Simon Willison’s Weblog

Google conspiracy theories

Microdoc News have a poorly researched story suggesting that Google have been engineering their search results to favour their own properties:

It could be argued that the most important site that should appear when searching for the word blogs would be the generic site where anyone with a blog can get listed for her/his three minutes of fame, which includes any blog, anywhere in any system. Weblogs.com is a directory of sorts to any current post and is like, if you please, a central nervous system to the world of blogs. However, Google does not list weblogs.com as the primary site -- blogger.com is listed as the prime, first-up site in the listings that result from the blogs search. Is that because Google Inc., owns blogger.com, or is it that blogger.com is really what one would expect as the first result?

Time to break out Python again. I won’t explain the following code in detail, but essentially it downloads the HTML source of the front pages of both Blogger.com and Weblogs.com, strips out the HTML tags (defined as anything between two angle brackets) and counts the number of occurrences of the individual word ’blogs’.

>>> import urllib, re
>>> striptags = re.compile('<[^>]+>')
>>> blogs = re.compile(r'\bblogs\b', re.I)
>>> blogger = urllib.urlopen('http://www.blogger.com/').read()
>>> weblogs = urllib.urlopen('http://www.weblogs.com/').read()
>>> len(blogger), len(weblogs)
(26369, 394323)
>>> blogs.findall(striptags.sub('', blogger))
['blogs', 'blogs', 'blogs', 'Blogs']
>>> blogs.findall(striptags.sub('', weblogs))
['Blogs', 'Blogs', 'blogs']

The above code shows that while Blogger.com mentions the word ’blogs’ four times in 26,000 characters, Weblogs.com only mentions it three times in 394,000 characters! Blogger has a far higher ’blogs’ word density—in fact, the only occurrence of the word on Weblogs.com is when it happens to be a part of the name of one of the several thousand blogs listed on the page at any one time.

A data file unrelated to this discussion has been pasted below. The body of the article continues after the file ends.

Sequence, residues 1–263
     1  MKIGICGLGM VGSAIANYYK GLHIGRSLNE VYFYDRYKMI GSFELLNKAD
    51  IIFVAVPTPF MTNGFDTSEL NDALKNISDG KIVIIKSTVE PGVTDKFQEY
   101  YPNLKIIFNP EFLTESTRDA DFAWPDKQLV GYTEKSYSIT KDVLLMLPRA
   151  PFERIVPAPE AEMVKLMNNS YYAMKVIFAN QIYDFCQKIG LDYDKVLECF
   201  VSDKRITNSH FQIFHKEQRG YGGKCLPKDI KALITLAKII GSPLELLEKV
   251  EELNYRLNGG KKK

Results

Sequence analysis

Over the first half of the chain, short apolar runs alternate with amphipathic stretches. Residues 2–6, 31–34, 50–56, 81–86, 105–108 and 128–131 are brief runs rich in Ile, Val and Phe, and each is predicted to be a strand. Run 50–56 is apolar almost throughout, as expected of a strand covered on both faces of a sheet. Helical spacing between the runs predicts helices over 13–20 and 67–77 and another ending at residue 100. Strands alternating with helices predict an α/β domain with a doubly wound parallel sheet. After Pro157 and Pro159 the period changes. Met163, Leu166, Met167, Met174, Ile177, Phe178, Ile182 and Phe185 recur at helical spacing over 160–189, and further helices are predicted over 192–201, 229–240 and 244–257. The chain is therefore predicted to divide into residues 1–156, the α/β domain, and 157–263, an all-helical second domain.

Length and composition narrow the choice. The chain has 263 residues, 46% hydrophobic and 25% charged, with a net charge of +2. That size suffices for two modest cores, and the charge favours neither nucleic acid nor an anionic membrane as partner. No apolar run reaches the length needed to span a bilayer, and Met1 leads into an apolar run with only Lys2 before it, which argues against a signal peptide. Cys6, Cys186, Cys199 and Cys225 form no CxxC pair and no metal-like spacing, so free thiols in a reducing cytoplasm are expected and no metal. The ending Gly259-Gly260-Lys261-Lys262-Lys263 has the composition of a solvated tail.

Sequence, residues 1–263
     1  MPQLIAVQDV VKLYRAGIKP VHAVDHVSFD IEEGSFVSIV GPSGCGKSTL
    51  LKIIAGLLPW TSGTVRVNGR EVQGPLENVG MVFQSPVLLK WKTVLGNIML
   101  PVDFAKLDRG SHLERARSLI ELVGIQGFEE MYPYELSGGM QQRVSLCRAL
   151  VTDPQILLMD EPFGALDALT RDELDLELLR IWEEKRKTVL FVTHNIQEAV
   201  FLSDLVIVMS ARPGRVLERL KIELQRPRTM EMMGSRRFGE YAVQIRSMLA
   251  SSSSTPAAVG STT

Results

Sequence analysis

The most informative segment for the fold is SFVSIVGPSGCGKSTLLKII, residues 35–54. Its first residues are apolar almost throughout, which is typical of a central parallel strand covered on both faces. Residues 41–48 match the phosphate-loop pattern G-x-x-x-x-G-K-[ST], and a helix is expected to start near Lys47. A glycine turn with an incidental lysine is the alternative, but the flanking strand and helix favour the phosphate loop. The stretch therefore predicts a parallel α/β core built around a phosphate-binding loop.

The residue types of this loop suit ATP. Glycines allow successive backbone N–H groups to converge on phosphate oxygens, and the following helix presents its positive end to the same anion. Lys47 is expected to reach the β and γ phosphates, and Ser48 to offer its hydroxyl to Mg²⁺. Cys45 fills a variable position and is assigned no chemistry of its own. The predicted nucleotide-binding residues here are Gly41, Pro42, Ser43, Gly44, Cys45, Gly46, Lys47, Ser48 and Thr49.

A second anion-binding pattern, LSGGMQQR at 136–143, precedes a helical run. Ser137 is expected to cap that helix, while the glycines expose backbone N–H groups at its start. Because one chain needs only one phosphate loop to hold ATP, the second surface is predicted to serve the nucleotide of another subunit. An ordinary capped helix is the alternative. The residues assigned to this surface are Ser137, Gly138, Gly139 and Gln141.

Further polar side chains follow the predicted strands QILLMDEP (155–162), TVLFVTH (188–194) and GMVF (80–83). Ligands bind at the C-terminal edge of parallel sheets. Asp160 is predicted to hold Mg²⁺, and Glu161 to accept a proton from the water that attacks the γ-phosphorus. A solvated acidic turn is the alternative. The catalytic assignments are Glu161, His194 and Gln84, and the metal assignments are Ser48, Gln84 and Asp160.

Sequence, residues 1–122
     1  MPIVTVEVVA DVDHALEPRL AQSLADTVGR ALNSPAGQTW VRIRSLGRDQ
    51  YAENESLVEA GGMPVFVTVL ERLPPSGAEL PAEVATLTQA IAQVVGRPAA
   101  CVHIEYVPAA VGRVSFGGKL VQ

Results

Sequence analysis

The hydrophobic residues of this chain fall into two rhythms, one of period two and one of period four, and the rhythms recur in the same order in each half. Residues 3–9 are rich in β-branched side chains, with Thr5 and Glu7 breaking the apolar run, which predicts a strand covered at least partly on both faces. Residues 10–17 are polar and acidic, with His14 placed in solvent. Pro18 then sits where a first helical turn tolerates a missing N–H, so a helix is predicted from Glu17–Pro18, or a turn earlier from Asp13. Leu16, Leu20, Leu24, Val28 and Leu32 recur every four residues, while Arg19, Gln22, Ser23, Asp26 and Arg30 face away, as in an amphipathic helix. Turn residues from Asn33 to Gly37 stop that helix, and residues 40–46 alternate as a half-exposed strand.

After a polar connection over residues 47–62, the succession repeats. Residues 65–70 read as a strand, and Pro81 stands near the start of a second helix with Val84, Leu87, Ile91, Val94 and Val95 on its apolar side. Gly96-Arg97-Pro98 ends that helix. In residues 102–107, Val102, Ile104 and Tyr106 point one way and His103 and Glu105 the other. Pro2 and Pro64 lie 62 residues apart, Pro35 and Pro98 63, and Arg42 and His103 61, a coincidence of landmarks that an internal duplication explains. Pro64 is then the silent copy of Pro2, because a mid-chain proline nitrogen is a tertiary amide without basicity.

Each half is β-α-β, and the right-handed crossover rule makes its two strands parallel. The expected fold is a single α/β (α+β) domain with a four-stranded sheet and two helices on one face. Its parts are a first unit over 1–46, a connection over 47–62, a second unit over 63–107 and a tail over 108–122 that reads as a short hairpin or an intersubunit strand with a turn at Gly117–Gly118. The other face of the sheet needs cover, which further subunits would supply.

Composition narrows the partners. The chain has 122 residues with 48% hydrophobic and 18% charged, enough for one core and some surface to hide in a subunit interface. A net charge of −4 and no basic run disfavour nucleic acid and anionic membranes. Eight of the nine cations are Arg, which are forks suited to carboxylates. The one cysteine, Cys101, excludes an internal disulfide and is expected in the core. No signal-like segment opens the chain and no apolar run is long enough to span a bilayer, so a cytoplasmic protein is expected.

Although word density is a reasonably useful metric for telling if Google will like something, everyone knows that Google’s secret sauce is PageRank, which is based in part on the number of pages linking to a site. Two quick link: searches reveal 7,840 links to Weblogs.com, but a whopping 61,500 links to Blogger.com (no doubt helped by all those “powered by blogger” stickers).

So Blogger.com not only has a higher word density for the designated search term, it also has far more links to it overall. Is it really so surprising that it’s coming out on top?

Further more, if you run a search for ’weblogs’, Weblogs.com comes out as the number one result. It’s all in the name.

Dave Winer finds it strange that the Google Weblog (unaffiliated with Google the company) comes out as the first result in a search for ’weblog’. My guess is that this is a result of the blog’s name influencing the text of links made to it—when you link to Doc Searls or myself (both of whom have ’weblog’ in their site title) you can abbreviate it to “Doc Searls” or “Simon Willison”, but when you link to the Google Weblog you have to use the fully qualified name or your link won’t make sense. Google can be strongly affected by link text, as last year’s Google bombing epidemic aptly demonstrated.

This is Google conspiracy theories by Simon Willison, posted on 17th September 2003.

Tagged , ,

Next: "sexeger"[::-1]

Previous: Interactive Python

Previously hosted at http://simon.incutio.com/archive/2003/09/17/googleConspiracies